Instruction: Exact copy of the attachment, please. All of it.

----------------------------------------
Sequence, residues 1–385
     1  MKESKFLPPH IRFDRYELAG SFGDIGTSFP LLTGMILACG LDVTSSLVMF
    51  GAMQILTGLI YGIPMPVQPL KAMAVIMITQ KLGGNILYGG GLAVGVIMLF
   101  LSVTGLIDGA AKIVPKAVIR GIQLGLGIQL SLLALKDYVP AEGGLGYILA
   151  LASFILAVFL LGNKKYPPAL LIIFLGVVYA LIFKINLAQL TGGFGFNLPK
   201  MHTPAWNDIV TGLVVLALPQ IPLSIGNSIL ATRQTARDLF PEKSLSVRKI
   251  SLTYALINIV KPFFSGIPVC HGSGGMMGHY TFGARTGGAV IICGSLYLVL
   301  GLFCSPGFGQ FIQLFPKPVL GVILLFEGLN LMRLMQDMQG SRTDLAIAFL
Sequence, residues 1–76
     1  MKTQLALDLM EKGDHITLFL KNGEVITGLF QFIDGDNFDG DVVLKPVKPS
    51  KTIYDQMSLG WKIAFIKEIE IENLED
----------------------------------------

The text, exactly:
Sequence, residues 1–385
     1  MKESKFLPPH IRFDRYELAG SFGDIGTSFP LLTGMILACG LDVTSSLVMF
    51  GAMQILTGLI YGIPMPVQPL KAMAVIMITQ KLGGNILYGG GLAVGVIMLF
   101  LSVTGLIDGA AKIVPKAVIR GIQLGLGIQL SLLALKDYVP AEGGLGYILA
   151  LASFILAVFL LGNKKYPPAL LIIFLGVVYA LIFKINLAQL TGGFGFNLPK
   201  MHTPAWNDIV TGLVVLALPQ IPLSIGNSIL ATRQTARDLF PEKSLSVRKI
   251  SLTYALINIV KPFFSGIPVC HGSGGMMGHY TFGARTGGAV IICGSLYLVL
   301  GLFCSPGFGQ FIQLFPKPVL GVILLFEGLN LMRLMQDMQG SRTDLAIAFL
Sequence, residues 1–76
     1  MKTQLALDLM EKGDHITLFL KNGEVITGLF QFIDGDNFDG DVVLKPVKPS
    51  KTIYDQMSLG WKIAFIKEIE IENLED